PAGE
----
By July 16 at 4 p.m. the Lions and Avril must have a deal done, and according to Avril himself, the odds seem good that it will happen. Appearing on SiriusXM radio Tuesday, Avril said among other things that he's optimistic he'll have a new deal soon, and that the Lions have seen the talent and improvement in him which justifies such a long term commitment.
While that's fine and good, I've got one piece of advice to provide the Lions before they hand out another long deal to a defensive lineman: be careful. Avril is said to be seeking a four or five year deal worth close to $10 million per season. Even if the Lions wiggle that number down to $7 or $8 million a year, that's still a lot of money for somebody who's impact on the game can be intermittent. The Lions already have Ndamukong Suh and Nick Fairley locked into their line long term. Is there room for yet another bigger, multi-year deal up front?
There's no doubt Avril has improved and is a dominant pass rusher, but there's high risk at play when giving high dollar, long term deals to defensive ends. It's a position that's effect on the game can be easily limited with the short passing game or an excellent ground attack, and it's also a position where collisions and contortions can lead to damaging injuries, and where age can sometimes creep in faster than anyone wants to admit.
Consider this: in 2011, Dwight Freeney made over $14 million dollars playing for the Indianapolis Colts on his deal. Though he was good for at least 10 sacks a game from 2008-2010, those numbers sharply declined in 2011 as age and injury have caught up. At 26, Avril is still in his prime, but nobody can predict the future. What happens if injuries take their toll and he slows down by age 29? It's a tired cliche, but in a salary cap world, every potential circumstance exactly like this must be carefully considered, even if they seem farfetched.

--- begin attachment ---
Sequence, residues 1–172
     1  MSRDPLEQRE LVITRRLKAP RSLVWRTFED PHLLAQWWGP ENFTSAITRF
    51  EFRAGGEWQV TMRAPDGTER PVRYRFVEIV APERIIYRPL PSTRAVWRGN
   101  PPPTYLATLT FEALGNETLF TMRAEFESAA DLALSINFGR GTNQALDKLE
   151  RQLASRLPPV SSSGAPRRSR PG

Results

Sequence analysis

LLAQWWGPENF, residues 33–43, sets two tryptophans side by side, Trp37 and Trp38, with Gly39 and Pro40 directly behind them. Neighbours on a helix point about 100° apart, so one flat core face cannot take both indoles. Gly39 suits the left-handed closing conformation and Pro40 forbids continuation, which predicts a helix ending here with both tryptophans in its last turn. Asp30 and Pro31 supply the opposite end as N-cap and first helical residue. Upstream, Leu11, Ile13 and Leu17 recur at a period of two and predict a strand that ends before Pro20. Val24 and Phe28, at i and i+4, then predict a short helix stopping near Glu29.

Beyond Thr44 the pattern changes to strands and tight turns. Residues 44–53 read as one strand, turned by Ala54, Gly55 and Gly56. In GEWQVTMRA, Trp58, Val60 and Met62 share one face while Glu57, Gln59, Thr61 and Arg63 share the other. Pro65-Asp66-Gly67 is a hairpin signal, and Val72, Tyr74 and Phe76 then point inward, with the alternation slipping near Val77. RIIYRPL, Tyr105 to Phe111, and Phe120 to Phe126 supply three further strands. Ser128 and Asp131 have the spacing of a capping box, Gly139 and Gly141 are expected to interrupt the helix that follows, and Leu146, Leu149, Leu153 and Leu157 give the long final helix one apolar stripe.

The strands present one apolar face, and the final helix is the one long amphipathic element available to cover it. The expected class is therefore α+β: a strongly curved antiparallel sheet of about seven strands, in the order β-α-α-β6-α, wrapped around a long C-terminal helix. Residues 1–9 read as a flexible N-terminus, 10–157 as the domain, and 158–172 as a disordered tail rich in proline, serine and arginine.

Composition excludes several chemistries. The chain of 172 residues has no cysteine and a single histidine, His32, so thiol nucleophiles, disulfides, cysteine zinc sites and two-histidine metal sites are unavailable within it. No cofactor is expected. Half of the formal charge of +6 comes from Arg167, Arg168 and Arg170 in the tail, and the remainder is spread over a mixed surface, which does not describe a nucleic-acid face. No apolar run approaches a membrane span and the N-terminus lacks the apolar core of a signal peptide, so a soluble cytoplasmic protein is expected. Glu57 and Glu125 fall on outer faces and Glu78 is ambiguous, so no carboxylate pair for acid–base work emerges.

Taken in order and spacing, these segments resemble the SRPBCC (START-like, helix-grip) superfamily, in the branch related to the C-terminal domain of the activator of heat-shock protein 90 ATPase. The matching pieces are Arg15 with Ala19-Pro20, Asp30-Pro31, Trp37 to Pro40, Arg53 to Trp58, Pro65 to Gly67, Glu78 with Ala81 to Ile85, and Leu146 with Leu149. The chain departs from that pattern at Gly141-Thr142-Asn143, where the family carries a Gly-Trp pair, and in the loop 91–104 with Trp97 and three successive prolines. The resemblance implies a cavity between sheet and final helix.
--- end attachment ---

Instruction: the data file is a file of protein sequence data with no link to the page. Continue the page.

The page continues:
As I wrote several months ago, the Lions would be better served not to get locked in long term with Avril or any additional defensive linemen. With the middle of the line set and the linebackers much improved, the Lions could stand to fill the end positions with rookie players they develop or reclaimed veterans and still have a dominant defense. Think players in the Lawrence Jackson mold. That would allow the money to be spread out a bit more in the future. With his 11 sacks in 2011, Avril was a definite force, but he wasn't the exclusive reason the team had success. He'll need to keep that production consistent in 2012.
It appears the Lions are set to bank on Avril as the third, big money piece of their defensive line for the future. There's no doubt he's earned this treatment, but it's also worth remembering there are many potential risks that also come with such a decision, especially where the defensive end position is concerned.
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